Have you ever been in a situation where you’d give an advice to your friend on how to deal with his/her crush only to find out sooner or later on that you’d yourself messed up on yours?
Or maybe when you gave that advice to a friend on how to become a success in your profession, in say badminton or public speaking, only to fail to heed on your own advice?
These things happen, and I’m pretty sure I’m not the only one who’s experienced them. In this article I’ll provide a theory as to why these things happen and an ‘advice’ on how to deal with them.
Whenever a person is asked for an advice, he’d feel happy to help. Not only does this give the idea that the person matter but that his ideas matter too.
It is at this point where the brain will release endorphins, the ‘happy’ chemical which gives the person an equivalent of a natural high.
So after much discussions and talking, have you ever felt annoyed by some people who is trying to ‘tell you everything’?
Well, the persons’ natural high is at its near peak. It is where the person would try to superimpose his personality and ego into the picture. So when the conversation stops, the person immediately got an ego boost.
This is the point where a ‘short-circuit’ will happen in the brain. The absence of the chemical will then incur mild misery, unhappiness or even possibly, depression.
Then the ‘illusion fallacy’ sets in. It’s when the person thought himself invincible (he just gave an advice so he must felt so). And it is at this stage where he wants to repeat the natural high.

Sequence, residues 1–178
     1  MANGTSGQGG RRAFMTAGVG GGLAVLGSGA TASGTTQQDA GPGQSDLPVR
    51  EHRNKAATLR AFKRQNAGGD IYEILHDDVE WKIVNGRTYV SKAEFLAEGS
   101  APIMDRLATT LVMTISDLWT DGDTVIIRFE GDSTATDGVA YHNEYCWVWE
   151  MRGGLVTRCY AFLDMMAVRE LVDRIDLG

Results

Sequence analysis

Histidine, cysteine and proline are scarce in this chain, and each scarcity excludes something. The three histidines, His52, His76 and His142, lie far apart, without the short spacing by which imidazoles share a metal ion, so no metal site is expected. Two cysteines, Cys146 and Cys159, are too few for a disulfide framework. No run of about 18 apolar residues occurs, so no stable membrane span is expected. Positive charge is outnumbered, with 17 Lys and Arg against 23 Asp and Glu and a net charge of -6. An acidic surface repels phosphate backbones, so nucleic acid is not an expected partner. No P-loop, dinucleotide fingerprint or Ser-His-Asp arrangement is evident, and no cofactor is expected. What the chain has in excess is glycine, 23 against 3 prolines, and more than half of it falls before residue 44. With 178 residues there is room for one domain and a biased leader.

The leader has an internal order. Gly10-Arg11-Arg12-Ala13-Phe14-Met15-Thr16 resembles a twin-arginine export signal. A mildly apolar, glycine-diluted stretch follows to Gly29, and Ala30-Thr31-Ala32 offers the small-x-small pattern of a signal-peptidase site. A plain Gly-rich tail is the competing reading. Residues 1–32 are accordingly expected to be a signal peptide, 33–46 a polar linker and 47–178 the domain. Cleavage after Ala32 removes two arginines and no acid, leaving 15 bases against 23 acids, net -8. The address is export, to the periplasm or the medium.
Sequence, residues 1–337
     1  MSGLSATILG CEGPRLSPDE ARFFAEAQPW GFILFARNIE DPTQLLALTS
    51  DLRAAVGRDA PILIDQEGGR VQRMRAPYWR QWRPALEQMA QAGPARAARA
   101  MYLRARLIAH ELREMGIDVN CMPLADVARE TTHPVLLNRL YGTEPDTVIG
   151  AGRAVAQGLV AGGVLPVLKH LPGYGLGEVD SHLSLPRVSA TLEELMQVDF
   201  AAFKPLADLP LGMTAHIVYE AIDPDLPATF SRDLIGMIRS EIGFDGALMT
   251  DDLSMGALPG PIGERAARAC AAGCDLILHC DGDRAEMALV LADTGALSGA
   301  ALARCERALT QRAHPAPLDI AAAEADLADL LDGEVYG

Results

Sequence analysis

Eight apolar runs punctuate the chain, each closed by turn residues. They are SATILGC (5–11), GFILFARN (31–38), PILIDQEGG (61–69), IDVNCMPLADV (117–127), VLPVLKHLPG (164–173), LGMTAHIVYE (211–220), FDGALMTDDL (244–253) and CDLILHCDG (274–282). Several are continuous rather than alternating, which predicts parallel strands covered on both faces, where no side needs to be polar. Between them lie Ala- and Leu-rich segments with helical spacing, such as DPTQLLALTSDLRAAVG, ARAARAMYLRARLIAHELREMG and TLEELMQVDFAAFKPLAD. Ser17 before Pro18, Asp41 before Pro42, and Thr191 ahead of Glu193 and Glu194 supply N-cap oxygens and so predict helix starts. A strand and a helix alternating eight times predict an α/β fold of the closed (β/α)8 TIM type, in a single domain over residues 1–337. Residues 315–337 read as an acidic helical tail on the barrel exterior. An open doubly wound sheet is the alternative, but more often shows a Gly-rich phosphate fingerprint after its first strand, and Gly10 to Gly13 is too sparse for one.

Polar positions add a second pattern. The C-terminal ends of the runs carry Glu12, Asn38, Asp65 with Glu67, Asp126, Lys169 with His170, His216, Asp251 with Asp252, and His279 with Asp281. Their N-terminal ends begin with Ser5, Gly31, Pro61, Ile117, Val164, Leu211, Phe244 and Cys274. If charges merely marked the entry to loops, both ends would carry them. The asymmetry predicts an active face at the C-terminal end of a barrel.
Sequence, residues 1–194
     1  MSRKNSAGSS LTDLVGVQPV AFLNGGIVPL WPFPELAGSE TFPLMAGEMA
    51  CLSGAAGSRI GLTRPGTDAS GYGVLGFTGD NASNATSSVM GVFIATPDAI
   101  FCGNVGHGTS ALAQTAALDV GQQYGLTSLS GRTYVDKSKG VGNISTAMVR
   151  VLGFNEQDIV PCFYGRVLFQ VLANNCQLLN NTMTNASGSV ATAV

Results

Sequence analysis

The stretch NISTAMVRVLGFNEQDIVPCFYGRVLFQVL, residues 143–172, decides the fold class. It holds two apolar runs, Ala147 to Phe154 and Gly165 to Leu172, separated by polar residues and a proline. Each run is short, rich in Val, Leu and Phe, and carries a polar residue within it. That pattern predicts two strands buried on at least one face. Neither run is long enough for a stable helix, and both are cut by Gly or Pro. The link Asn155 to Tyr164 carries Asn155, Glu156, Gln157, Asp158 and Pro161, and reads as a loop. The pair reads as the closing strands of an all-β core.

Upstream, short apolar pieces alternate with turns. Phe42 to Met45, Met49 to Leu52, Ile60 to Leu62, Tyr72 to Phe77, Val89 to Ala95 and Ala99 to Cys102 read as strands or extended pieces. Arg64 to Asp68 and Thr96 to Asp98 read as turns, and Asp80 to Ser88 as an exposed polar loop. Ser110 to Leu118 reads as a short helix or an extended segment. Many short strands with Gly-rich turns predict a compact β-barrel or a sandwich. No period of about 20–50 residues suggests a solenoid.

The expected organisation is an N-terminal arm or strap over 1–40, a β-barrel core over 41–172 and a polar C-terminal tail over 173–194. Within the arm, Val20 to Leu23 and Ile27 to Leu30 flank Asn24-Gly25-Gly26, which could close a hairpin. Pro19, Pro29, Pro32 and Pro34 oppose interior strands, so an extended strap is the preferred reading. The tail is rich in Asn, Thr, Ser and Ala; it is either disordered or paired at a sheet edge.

So with an injection of ‘invincibility’ or arrogance, without the necessary preparation or decorum, he’d sooner or later fail.
Well then what happens to the advice he just gave? What happened to ‘lead by example’? Well, what would an invincible man need that for?
Thus, it happens this thing happens more by observing how our brains work and how its chemicals are triggered.
Mark Zuckerberg’ got a profound understanding over this concept that he successfully made a multi-billion dollar company called facebook just by exploiting this ‘need’. The term used for this is FOMO.
And that is why the red notification is so addicting. It makes you feel good.
And ever wondered why you feel depressed later on? It’s because of that ‘short-circuit’.
That unnecessary posts you wish you hadn’t post up early this year? That’s to relive back that lost high.
Anyhow, how do you deal with this? Well by not going over limits on what you do. Be it either giving excessive advice or checking your facebook/twitter/instagram 50x a day.
Adapt a Stoic creed. Where to control impulse is the most important thing you can ever do in becoming a ‘universal being’.
Then you may say how this writer will then discard his own advice and feel ‘invincible’; hence becoming what he writes about. But this writer humbly acknowledges his weakness.
He is only human and this is just a matter of advice.